Computer programming. Like one of the individuals who have inspired this book, I too have had considerable experience in the field and so too am drawn to the comparison of DNA to programming code. It is a powerful and compelling comparison – the idea of DNA as digital information, to be molded in any direction the blind but non-random forces of evolution wield – has, for me at least, as much appeal to imagination and useful insight as any other idea in biology over the last quarter century or so. Now, with the digital age fully upon us, the comparison, or analogy, is even more forceful to the mind. Personally, as a (very) part-time science fiction writer it conjures up images of artificial living beings, of synthetic organs and tissues to prolong our lives, perhaps indefinitely, of expanding the already impressive capacities of our brains with biochips, and even such cybernetic ideas as an Internet composed of human minds directly connected to and communicating with each other and with sentient computers. Given that I honestly expect to see some of this happen at least in my lifetime not to mention my children’s, the digital view of biology is perhaps too seductive.

* * *

After everything I have said about imagination and our need to use it to answer our questions about ourselves and our universe, the word seductive alone ought to suggest I am about to pull back, at least somewhat. So I am. Not that I don’t truly believe that many if not all of the above mentioned wonders of coming technology will happen someday. But the emphasis on the digital nature of DNA can potentially mislead us as well as inform.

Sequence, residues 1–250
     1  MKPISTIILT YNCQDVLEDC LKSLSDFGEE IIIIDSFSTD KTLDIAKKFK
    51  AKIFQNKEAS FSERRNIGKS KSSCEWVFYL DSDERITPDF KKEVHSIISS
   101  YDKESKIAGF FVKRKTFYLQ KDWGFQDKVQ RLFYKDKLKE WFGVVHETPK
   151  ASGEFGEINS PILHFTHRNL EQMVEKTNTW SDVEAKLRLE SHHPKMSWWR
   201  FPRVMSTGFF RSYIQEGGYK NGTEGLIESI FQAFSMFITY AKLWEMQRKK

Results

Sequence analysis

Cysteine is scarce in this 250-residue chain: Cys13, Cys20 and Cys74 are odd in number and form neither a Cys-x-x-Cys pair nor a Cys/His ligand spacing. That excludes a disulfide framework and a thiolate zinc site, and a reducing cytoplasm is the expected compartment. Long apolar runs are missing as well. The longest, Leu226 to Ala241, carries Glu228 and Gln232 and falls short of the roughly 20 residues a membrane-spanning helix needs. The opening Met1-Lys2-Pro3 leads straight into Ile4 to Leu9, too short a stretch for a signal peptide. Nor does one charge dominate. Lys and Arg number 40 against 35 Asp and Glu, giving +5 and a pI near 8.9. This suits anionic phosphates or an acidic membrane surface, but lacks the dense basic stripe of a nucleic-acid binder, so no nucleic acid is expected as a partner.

The reason for this is that our digital DNA codes, serves as a template for, the highly analog proteins that are the actual machinery of our bodies. By analog I simply mean the opposite of digital: continuous in change as opposed to changing in discrete steps. (A hopefully not too outdated example of the difference would be the analog dial on old radio sets which, as you turned it, changed the tuning of the receiver continuously from one frequency to another, as opposed to digital push-button radios today which jump instantly to a specific frequency.) In calling proteins analog, I do not mean the sequence of amino acids which comprise them; that is still as digital as DNA in that an amino acid change in the sequence is discrete – you can’t continuously change between one acid and another.
Hang on, for I am getting to the reason for this digression. It is true that the amino acid sequence in a protein is digital, but what matters for proteins, what they do and how they work, is largely their specific size and shape, qualities that usually can be varied more or less continuously by changes in the amino acid sequence which comprises them. That is, if we replace one amino acid in a protein consisting of hundreds or thousands with another, the most likely outcome is a small, perhaps even insignificant, change in its shape – resulting in a proportionately tiny change in how the protein does its job. For example, if the protein is an enzyme, a slight change in its shape would cause the rate at which it catalyzes its specific reaction to be somewhat faster or slower. Or if the protein controls the rate at which a certain molecule or ion enters or leaves cells, that could be modified slightly. Furthermore, additional amino acid changes are likely to lead to similar small, cumulative changes in the protein’s function.